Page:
Damage to a variety of different items and materials can be of significance and it may be important to establish, for example, how damage has been caused or where a piece of damaged material has originated from.
In assault cases where a knife has been used, it may be necessary to establish how many stab marks are present in clothing. Examination of a stab mark can provide information regarding the type of blade that has caused the damage and it is possible to compare the stab marks with different knives to help establish which knife caused the damage.
In other cases where there is a suggestion that damage may have been self-inflicted, it may be necessary to examine damage to establish, for example, whether it has been caused by a knife or cut with a pair of scissors. The examination of damage can also be important in sexual offence cases where there is an allegation that clothing has been ripped or torn during the alleged assault.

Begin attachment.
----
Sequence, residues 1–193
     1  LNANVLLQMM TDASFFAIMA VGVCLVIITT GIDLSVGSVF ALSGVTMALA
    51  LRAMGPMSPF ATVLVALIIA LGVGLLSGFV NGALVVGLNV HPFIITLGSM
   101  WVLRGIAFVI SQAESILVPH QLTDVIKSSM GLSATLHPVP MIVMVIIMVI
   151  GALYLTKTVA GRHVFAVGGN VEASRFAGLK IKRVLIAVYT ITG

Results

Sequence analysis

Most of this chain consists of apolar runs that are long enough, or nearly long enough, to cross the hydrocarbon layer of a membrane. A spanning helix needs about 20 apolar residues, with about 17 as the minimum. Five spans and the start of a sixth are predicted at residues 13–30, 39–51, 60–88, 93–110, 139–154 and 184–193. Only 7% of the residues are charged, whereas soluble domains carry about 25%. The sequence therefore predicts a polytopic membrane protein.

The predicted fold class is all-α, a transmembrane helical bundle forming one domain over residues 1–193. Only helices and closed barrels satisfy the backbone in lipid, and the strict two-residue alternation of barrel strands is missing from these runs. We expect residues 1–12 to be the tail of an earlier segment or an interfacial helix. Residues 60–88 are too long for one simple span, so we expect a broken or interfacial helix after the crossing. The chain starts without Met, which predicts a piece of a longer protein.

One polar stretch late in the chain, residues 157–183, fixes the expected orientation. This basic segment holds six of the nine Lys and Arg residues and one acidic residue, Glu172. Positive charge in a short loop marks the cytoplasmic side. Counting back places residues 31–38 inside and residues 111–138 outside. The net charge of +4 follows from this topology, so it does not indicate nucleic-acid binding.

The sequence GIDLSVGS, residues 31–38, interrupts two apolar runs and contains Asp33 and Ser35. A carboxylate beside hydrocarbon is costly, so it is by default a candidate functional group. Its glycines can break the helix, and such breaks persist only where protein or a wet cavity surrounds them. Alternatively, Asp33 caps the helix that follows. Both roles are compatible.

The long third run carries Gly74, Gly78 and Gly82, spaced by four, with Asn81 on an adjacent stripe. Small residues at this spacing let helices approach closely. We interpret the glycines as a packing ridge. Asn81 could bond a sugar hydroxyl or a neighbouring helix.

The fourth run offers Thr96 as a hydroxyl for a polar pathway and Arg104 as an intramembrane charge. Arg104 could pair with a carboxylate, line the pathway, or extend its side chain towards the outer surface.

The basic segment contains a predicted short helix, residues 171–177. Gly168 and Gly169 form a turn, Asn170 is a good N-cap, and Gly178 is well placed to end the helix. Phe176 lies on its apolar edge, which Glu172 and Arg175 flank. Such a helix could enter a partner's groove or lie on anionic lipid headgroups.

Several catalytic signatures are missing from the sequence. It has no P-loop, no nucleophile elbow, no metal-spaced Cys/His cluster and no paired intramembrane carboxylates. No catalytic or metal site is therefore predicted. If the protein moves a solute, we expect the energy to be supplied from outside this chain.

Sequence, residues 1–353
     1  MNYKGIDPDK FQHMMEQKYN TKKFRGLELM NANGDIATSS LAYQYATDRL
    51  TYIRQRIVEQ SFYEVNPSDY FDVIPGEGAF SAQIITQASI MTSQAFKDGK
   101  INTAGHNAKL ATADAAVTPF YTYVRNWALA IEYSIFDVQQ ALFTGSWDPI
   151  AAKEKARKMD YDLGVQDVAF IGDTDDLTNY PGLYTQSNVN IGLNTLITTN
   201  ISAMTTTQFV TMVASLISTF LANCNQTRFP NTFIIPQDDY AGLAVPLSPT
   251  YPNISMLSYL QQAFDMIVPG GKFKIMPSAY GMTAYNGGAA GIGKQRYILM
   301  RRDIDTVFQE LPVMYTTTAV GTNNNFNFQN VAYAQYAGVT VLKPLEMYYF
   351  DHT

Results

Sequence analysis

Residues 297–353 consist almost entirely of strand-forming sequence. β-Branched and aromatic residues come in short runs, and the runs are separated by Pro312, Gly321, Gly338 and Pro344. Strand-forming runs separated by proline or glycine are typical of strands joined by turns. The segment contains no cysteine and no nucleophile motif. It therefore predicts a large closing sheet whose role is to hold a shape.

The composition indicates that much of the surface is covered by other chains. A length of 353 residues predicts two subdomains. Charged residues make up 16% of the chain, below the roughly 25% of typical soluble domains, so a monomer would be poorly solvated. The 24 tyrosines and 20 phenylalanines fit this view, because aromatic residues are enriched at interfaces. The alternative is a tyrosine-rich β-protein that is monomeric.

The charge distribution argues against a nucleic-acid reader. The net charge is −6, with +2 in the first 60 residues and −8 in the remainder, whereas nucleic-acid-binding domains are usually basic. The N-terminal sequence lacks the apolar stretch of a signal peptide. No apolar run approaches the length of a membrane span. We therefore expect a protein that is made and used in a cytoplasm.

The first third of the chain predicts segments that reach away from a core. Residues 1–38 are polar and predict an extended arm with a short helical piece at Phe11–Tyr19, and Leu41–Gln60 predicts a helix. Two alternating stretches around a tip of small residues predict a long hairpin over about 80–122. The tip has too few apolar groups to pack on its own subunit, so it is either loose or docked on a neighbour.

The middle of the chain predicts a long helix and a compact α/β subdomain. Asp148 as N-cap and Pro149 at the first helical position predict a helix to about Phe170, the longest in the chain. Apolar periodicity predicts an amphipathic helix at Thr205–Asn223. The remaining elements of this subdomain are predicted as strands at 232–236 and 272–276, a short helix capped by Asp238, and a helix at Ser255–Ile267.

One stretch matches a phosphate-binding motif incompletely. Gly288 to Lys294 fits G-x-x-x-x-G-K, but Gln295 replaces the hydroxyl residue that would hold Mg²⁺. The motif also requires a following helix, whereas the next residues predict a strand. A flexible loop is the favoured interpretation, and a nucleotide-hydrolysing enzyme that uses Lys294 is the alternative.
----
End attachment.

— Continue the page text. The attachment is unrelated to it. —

The examination of broken items can establish whether or not they were originally part of the same item (a “physical fit"). This can be valuable in cases were items such as knives have broken during an assault or where exhibits such as tape or clingfilm have been torn or cut from a roll etc.